The total market cap for cryptocurrencies has lost roughly $200 billion in the past 24 hours. Bitcoin is down nearly 10%, with the number two cryptocurrency, Ethereum, posting a 10.9% loss, at press time. 

Dogecoin, the Internet’s favorite meme coin, suffered the most of the three, tumbling by nearly 12%


As with any crash in crypto, the reasons are myriad. 

The strongest bearish force was, however, speculation that the Department of Justice (DoJ) and the Federal Bureau of Investigation (FBI) had “hacked” a Bitcoin wallet during their investigation of the Colonial Pipeline ransomware attack. 

Last month, the U.S.-based fuel pipeline system halted operations after its billing system was compromised. This led to widespread fuel shortages in the Southeastern United States. Later reports revealed that Colonial paid the ransom of 75 Bitcoin (at that time worth $4.4 million) to decrypt their operations. 

Yesterday, the DoJ and FBI announced that they had recouped $2.3 million of that sum. Investigators followed associated Bitcoin addresses, eventually seizing one of them.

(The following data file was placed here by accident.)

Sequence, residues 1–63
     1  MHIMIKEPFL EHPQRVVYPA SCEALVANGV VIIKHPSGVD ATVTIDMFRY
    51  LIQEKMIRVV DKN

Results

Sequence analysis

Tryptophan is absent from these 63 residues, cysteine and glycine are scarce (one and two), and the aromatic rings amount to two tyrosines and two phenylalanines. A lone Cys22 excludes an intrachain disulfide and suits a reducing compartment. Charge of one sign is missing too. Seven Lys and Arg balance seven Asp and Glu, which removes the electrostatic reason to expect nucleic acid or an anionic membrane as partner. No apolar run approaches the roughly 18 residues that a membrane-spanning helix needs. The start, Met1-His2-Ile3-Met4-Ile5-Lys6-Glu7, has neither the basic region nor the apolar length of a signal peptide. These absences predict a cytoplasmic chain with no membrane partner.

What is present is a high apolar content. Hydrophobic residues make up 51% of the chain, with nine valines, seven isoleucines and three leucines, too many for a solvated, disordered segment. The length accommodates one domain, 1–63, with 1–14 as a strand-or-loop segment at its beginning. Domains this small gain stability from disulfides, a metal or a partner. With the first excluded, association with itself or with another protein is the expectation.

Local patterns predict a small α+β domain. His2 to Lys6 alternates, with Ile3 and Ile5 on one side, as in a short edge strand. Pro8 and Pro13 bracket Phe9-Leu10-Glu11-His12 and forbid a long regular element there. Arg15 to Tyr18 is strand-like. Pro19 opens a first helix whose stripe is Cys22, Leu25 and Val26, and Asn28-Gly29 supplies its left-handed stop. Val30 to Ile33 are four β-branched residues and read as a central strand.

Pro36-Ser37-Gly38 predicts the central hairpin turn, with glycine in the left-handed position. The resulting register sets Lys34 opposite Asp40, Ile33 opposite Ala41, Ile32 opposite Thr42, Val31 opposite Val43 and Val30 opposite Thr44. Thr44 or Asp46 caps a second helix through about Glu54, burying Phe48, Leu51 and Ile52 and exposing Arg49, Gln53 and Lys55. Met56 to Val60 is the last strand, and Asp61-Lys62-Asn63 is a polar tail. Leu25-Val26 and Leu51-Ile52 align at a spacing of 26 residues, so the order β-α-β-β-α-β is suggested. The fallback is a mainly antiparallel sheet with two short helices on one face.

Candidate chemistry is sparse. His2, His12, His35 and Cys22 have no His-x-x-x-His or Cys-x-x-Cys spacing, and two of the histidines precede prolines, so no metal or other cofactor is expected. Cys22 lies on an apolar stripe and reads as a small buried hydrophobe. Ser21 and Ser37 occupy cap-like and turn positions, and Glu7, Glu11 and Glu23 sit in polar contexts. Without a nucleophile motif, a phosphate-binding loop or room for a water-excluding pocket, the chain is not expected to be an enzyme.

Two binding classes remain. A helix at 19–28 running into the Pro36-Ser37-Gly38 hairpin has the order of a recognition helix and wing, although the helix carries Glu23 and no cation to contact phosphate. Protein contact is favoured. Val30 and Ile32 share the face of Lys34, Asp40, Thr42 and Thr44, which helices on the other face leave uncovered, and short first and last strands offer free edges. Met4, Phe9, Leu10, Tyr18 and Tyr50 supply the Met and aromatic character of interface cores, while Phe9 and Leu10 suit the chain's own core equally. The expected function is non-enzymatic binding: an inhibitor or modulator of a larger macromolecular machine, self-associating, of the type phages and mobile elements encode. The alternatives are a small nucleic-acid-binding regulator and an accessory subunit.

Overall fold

Some were quick to assume that the seizure of the address indicated that authorities had cracked the Bitcoin wallet in question. Instead, it appears more likely that authorities connected the address with a specific identity or a U.S.-based crypto service or custodian. 

The resulting confusion led to a dramatic drop in price. And due to the high correlation between cryptocurrencies and Bitcoin, the rest of the market has fallen in tandem. 

Data from Cryptowatch indicates a very strong positive correlation between Bitcoin, Ethereum, and Dogecoin within the past 24 hours. Source: Cryptowatch

The use of quantum computing is widely believed to be the only mechanism through which to attack a blockchain-based network like Bitcoin. “Presently, about 25% of the Bitcoins in circulation are vulnerable to a quantum attack,” Deloitte wrote in a report.


The views and opinions expressed by the author are for informational purposes only and do not constitute financial, investment, or other advice.

Editor's note: This article has been updated to reflect that the market dropped nearly $200 billion, not $2 billion. 

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